Dutch court revokes EA’s €10 million FIFA FUT loot box fine – Destructoid
FUT decreed not ‘an isolated game’
In a surprising bit of legal news, a Dutch court has overturned the €10 million fine handed down to Electronic Arts over its popular loot box mechanic FIFA Ultimate Team (FUT). The Dutch Administrative Jurisdiction Division has upheld the publisher’s appeal, effectively overruling the decision handed down by The Court of The Hague in 2020.
The Hague had previously decreed that EA broke Dutch gambling laws via the sale of in-game FUT packs, fining the FIFA publisher a hefty €500,000 for each week it continued to sell the digital add-ons, with a maximum penalty fixed at €10 million. EA chose to call the ruling’s bluff, filing for appeal and continuing to sell the digital trading cards in the meantime.
A risky endeavor that has paid off (quite literally.)
On Wednesday, as reported by Eurogamer, The Dutch Administrative Jurisdiction Division — essentially the highest order of law in the Netherlands — decided that the purchasing and opening of FUT packs did not qualify as “an isolated game”, and that it was an element of chance voluntarily utilized as a part of a “game of skill” (FIFA itself).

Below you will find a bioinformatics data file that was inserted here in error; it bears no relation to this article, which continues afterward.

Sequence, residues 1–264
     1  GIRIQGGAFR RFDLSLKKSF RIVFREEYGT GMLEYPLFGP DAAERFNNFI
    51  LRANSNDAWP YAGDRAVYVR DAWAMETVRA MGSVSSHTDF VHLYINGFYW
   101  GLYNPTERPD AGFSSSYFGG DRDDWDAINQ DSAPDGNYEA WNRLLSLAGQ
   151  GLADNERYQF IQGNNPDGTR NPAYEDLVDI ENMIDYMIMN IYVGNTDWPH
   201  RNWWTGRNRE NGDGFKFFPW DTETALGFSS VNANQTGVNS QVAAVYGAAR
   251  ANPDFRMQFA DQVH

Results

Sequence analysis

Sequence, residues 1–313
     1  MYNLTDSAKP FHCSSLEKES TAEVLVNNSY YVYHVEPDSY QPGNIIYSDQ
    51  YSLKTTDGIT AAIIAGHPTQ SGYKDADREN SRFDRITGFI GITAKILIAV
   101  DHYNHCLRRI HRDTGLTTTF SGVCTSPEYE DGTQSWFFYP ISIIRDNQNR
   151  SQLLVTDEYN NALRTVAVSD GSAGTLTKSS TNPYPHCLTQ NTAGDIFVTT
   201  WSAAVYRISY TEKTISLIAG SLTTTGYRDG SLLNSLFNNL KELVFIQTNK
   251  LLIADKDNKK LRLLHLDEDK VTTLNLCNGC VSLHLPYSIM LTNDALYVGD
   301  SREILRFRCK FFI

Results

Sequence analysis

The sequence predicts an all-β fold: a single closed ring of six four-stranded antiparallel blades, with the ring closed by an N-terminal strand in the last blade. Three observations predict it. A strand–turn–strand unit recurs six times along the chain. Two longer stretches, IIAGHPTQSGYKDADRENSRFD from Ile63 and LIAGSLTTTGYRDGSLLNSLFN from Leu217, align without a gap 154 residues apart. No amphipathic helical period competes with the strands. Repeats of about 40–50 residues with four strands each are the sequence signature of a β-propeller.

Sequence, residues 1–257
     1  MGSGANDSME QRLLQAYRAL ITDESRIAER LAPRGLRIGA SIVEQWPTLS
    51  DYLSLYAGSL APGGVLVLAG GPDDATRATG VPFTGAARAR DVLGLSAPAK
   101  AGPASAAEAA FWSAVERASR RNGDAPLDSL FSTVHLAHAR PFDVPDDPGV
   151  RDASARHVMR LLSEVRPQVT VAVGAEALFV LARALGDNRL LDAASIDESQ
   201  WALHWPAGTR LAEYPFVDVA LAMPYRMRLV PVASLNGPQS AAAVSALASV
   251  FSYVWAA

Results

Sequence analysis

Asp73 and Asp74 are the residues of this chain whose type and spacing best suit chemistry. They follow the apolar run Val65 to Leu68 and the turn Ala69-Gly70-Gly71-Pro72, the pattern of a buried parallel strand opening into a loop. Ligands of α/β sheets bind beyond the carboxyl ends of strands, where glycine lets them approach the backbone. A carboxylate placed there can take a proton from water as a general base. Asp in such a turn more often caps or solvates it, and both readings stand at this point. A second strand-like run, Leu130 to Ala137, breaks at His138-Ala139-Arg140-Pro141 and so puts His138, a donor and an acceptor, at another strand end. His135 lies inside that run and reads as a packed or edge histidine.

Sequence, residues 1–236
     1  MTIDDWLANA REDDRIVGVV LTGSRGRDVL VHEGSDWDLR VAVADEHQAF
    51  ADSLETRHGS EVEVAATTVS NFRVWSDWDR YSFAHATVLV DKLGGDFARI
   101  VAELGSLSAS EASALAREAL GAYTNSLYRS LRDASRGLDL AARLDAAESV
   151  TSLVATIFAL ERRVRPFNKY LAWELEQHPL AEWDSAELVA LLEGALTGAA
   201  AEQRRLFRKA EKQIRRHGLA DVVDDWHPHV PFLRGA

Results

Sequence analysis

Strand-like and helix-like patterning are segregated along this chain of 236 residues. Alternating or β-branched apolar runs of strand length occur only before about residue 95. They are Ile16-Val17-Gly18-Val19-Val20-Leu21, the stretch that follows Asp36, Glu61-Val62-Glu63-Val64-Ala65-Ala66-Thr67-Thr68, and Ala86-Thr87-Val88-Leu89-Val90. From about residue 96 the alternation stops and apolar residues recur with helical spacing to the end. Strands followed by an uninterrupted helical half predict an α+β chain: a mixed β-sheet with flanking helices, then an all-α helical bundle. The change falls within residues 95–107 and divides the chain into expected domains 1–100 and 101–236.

“The vast majority of packs are obtained by and used for game participation,” ruled the court. “Since the packs are not a standalone game, they are not a game of chance and do not require a licence. The publisher has therefore not violated the Games of Chance Act and the Gaming Authority should therefore not have imposed a penalty payment on the publisher. The Administrative Jurisdiction Division has ‘revoked’ the imposed penalty.”
Though this particular situation has worked out in EA’s favor, it has been a turbulent 12 months for the FIFA franchise. In the summer of 2022, a scandal dubbed “EAGate” saw employees selling high-ranking FUT cards “under-the-table” for ludicrous amounts of money. More recently, it seems more and more likely that EA and FIFA itself are scheduled to part ways, with the former rumored to be considering a full rebrand, following the alleged doubling of the latter’s licensing fee.
For decades, FIFA has been one of the most financially lucrative franchises in all of gaming. As such, any and all controversies and criticisms are simply storms that EA will gladly weather if, ultimately, it is able to keep the ball rolling.
EA’s €10m Dutch FIFA loot box fine overturned [Eurogamer]